En Suecia sólo podrás publicar en revistas con acceso libre. Por lo visto  van a poner en marcha una normativa que exige que los investigadores que obtengan financiación nacional publiquen OBLIGATORIAMENTE tan sólo en revistas científicas que permitan el acceso libre a las mismas. Se evita así que, por ejemplo, el sistema nacional de investigación tenga que pagar dos veces, una por la investigación y otra por conseguir que otros investigadores tengan acceso a los resultados.

Este es el correo recibido a través de la lista de distribución ISWORLD:

The Swedish Research Council (the most prestigious research funder and policy leader) now requires Swedish researchers to to publish only where free access is granted. While the ambition is lauable – to grant the Swedish public free access to the result of work they have already paid for – it puts researchers in a dilemma as it seems to exclude publishing in many prestigious IS journals and conferences, as of their current practice. It would be interesting to hear comments from the editors. It appears that similar policies are coming up or already implemented in other countries. A translation of the SRC statement follows —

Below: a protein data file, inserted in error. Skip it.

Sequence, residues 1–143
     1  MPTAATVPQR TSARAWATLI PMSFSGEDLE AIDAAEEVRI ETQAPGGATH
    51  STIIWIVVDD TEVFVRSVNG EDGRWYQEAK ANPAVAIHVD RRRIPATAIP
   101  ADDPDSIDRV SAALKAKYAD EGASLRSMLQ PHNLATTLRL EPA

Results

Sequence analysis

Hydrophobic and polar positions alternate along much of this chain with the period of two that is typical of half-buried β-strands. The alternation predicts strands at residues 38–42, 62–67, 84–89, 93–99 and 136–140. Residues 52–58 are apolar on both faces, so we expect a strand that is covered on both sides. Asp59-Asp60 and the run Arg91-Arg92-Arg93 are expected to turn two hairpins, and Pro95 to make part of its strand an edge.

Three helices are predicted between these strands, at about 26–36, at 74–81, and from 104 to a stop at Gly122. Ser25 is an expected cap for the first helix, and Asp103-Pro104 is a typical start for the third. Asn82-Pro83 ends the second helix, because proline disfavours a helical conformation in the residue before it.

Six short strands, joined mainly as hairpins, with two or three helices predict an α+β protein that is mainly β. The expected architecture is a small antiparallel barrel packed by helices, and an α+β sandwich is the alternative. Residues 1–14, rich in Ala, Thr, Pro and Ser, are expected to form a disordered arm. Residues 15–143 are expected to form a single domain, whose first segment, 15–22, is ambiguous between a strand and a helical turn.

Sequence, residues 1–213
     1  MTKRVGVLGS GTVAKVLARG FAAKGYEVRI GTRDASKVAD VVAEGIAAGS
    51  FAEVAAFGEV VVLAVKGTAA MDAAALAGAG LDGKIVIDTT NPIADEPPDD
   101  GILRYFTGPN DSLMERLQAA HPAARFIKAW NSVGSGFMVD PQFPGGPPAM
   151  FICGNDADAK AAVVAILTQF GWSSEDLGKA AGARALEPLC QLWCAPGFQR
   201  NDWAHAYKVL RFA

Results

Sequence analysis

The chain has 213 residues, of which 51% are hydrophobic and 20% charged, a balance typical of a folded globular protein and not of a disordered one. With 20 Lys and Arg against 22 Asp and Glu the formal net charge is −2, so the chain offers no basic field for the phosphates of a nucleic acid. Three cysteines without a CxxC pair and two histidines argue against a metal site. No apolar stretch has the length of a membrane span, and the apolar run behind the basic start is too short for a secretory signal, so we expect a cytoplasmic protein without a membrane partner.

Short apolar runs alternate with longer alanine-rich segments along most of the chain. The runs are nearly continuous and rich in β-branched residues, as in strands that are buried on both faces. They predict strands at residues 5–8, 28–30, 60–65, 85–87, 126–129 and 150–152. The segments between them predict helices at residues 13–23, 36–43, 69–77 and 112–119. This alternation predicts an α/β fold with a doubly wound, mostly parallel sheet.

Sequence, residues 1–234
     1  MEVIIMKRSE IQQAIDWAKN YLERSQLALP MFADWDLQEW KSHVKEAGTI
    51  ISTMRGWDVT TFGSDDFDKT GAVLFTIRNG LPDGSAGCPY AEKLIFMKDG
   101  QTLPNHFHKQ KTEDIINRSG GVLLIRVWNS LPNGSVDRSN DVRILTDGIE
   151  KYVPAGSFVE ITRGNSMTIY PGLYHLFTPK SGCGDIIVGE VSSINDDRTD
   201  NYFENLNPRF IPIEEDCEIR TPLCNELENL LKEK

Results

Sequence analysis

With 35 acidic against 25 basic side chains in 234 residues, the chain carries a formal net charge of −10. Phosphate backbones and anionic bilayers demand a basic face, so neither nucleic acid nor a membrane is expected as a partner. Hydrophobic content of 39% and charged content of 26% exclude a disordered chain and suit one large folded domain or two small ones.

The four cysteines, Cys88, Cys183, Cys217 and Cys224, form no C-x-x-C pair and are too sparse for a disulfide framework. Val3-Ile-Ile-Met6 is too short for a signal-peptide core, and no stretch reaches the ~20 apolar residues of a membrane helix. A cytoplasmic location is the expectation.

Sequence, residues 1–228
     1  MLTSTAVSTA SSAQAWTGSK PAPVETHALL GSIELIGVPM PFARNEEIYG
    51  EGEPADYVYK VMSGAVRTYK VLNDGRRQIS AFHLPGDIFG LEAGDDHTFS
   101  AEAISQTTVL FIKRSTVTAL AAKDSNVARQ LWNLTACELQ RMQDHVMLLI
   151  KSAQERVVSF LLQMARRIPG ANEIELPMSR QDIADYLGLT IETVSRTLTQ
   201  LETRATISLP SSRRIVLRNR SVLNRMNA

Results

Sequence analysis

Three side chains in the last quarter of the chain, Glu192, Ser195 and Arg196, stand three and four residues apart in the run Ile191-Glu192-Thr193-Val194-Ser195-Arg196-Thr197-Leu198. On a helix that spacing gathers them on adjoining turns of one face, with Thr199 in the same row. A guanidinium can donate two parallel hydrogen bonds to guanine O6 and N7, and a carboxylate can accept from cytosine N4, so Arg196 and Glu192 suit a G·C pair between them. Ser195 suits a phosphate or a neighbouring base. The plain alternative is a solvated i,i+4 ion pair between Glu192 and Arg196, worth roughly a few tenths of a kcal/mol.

Press release , 2009-10-07 In Swedish http://www.vr.se/franvetenskapsradet/nyheter/nyhetsarkiv/nyheter2009/nyheter2009/vetenskapsradetkraverfritillgangtillforskningsresultat.5.227c330c123c73dc586800011519.html (translation from the Swedish by Ingegerd Rabow)

The Swedish Research Council requires free access to research results. In order to receive research grants the Research council requires now that researchers publish their material freely accessible to all. The general public and other researchers shall have free access to all material financed by public funding, The thought behind the so called Open Access is that everybody shall have free and unlimited access to scientifically refereed articles, The Research Council has now decided, that researchers who are granted research funding from the Council shall publish their refereed texts in journals and at conferences in this way. «We are of the opinion that texts presenting research funded by public funds shall be freely available to all,» says professor Pär Omling Director General of the Swedish Research Council. «Open Access is an important prerequisite for the dissemination of research results to the benefit of society.» Researchers are required to guarantee that everything published shall be freely available according to to Open Access not later than six months after publication. The Council’s decision regarding Open Access has been taken in close cooperation with SUHF, the Association of Swedish Higher Education. To promote free dissemination of research results is not and isolated Swedish occurrence, The so called Berlin Declaration aiming to implement Open Access has been signed by several large, mainly European research funders. The Open Access-mandate covers so far only refereed journal articles and conference reports, not monographs and book chapters. The mandate will be included in the new grant conditions from 2010.